Posted on November 16, 2017 by the SCO Winter Outlook Team
If you don't trust the likes of weather folklore with your winter forecast, here's a closer look at some environmental factors that might influence our weather this winter, followed by some past years with similar conditions, then our office's winter outlook.
Pacific sea surface temperature anomalies since early August. (Image from the NOAA Climate Prediction Center)
This summer, sea surface temperatures in the central equatorial Pacific Ocean dropped below normal, putting us on the cusp of weak La Niña conditions entering the winter. As part of its atmospheric impacts, La Niñas tend to displace both the polar and subtropical jet stream farther north. This helps weather systems track through the Ohio Valley and away from the Gulf of Mexico, which is where many of our winter storms take root.
Unlike last year, in which the fall La Niña pattern faded early in the winter, we expect this year's La Niña to hit its peak strength around the middle of the season. And while it may be a weak La Niña overall, its effects have already emerged this fall and should continue into the winter.
Global sea surface temperature anomalies noting cool-phase ENSO and warm-phase PDO patterns. (Image from NOAA ESRL)
The PDO is another Pacific pattern described by a periodic change in sea surface temperatures across the north Pacific Ocean. The PDO phase can also capture the state of the atmosphere over the north Pacific. For instance, in the current positive-phase PDO, we expect to see more ridging over the western US. That can sometimes encourage troughing in the jet stream over the eastern US, as well as cooler and wetter weather in the Southeast.
When ENSO and PDO are in the same phase, the impacts especially to precipitation across the US can be a bit more potent. However, this winter will see ENSO and PDO in opposite phases -- a cool-phase ENSO pattern and warm-phase PDO. As NOAA's ENSO Blog notes, the precipitation anomalies related to the PDO are weaker than those from ENSO, so we still expect the La Niña-driven pattern to take precedence.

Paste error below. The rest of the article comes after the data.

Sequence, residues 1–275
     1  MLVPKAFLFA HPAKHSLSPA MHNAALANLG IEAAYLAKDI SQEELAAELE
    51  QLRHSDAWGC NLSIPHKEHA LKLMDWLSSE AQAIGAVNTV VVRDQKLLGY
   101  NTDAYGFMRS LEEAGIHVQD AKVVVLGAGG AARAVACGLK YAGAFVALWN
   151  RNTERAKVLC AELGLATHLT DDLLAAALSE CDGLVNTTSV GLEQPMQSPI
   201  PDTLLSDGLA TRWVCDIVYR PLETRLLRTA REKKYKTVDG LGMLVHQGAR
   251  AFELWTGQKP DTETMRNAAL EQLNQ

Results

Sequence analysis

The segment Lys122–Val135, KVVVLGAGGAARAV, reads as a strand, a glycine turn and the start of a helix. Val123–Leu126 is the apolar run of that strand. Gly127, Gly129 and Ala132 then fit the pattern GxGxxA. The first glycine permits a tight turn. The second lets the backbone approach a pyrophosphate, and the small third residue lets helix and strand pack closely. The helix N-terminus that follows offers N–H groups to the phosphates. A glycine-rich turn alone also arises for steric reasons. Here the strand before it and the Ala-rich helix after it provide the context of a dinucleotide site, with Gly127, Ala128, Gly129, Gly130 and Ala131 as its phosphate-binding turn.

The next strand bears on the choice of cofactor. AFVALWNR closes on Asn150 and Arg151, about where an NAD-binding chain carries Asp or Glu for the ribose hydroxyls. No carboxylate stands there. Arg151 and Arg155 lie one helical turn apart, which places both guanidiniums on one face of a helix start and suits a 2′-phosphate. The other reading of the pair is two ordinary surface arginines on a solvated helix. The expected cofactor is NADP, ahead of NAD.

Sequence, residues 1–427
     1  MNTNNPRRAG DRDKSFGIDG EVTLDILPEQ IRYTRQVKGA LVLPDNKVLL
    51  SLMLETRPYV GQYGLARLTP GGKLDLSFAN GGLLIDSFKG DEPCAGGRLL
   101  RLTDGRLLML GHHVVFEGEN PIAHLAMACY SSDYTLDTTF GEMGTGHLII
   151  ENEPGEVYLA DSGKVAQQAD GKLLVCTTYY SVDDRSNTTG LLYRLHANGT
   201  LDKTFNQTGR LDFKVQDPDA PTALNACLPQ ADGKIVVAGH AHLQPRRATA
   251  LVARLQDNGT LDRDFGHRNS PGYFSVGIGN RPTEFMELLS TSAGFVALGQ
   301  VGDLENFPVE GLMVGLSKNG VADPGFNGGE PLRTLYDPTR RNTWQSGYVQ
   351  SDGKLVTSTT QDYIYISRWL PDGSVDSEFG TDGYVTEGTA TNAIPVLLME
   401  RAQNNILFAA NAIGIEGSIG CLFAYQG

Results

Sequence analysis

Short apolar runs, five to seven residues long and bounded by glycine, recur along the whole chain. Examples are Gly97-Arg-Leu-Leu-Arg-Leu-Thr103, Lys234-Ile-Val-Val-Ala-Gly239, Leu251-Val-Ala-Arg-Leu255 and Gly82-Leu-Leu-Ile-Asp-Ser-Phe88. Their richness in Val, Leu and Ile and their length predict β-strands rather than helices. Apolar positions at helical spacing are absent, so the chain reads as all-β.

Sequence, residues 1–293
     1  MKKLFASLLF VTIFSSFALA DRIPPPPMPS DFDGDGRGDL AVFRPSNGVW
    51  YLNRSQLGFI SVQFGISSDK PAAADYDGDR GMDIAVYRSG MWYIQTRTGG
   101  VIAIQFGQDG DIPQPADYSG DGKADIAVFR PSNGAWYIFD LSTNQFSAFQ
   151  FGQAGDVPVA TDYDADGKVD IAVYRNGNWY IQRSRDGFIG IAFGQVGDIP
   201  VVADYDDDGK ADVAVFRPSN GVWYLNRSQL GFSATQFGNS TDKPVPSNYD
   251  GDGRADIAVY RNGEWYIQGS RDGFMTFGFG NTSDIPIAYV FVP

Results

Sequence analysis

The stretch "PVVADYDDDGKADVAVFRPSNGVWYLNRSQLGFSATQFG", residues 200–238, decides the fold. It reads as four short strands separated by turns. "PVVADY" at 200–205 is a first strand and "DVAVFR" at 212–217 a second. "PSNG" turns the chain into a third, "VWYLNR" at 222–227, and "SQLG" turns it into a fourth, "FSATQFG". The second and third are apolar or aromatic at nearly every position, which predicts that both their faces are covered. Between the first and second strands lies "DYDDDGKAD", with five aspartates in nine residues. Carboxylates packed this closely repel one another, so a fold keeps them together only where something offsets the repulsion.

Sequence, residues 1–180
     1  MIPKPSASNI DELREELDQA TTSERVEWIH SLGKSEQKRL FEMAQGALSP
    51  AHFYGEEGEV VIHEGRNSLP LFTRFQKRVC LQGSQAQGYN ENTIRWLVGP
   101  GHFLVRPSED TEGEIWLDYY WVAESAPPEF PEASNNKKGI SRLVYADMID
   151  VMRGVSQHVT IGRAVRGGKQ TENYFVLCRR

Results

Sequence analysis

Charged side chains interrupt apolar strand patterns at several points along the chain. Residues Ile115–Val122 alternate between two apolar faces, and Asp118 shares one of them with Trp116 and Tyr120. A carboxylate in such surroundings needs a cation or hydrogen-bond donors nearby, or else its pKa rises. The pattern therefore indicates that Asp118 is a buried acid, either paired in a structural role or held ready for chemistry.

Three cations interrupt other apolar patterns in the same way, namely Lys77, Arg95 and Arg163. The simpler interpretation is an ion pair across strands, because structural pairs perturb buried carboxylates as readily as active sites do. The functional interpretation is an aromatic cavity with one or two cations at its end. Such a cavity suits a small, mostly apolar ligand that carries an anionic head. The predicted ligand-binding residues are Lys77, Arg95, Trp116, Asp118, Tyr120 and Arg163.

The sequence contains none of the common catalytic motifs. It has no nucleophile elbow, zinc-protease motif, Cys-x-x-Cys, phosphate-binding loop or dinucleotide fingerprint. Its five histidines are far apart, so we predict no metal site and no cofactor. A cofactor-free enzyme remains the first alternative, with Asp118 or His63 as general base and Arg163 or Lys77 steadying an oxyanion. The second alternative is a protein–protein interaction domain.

The increase of snow cover over Eurasia in recent Octobers. (Image from Atmospheric and Environmental Research)
Research suggests that as snow builds up over Siberia during the fall, it cools the air near the surface and warms the upper atmosphere. This can trigger a wintertime weakening of the polar vortex -- a permanent upper-level low pressure system -- which can cause cold air to sag southward from the Arctic, sometimes reaching North Carolina.
This October was the 11th-snowiest out of the past 50 years in Eurasia. However, an important caveat about this theory says that it's not just the final snow total that matters; it's the rate of snow increase during the month. And this year, there was a mid-month lull in the build-up of Siberian snow cover.
That lack of a targeted upper-atmospheric punch could prevent the polar vortex from weakening. Dr. Judah Cohen, the Director of Seasonal Forecasting at Atmospheric and Environmental Research, Inc., suggests that "the long stall in snow cover advance in mid-October" could lead to "a strong [polar vortex]... and a relatively mild winter across the [Northern Hemisphere]."
The QBO Index since 2013 showing the recent change to negative values, or easterly stratospheric winds. (Data from NOAA ESRL)
Siberian snowfall isn't the only atmospheric feature that can affect the polar vortex. Enter the Quasi-Biennial Oscillation, or QBO: a periodic reversal of the wind direction in the stratosphere. Currently, the QBO index is negative, indicating easterly winds aloft.